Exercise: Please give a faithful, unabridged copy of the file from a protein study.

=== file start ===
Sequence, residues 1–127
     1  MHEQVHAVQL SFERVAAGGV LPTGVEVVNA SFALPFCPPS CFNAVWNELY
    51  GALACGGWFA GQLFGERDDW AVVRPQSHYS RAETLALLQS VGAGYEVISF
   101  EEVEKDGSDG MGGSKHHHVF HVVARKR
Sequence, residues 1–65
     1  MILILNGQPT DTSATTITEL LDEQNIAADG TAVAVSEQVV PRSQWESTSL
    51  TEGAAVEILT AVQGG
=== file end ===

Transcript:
Sequence, residues 1–127
     1  MHEQVHAVQL SFERVAAGGV LPTGVEVVNA SFALPFCPPS CFNAVWNELY
    51  GALACGGWFA GQLFGERDDW AVVRPQSHYS RAETLALLQS VGAGYEVISF
   101  EEVEKDGSDG MGGSKHHHVF HVVARKR
Sequence, residues 1–65
     1  MILILNGQPT DTSATTITEL LDEQNIAADG TAVAVSEQVV PRSQWESTSL
    51  TEGAAVEILT AVQGG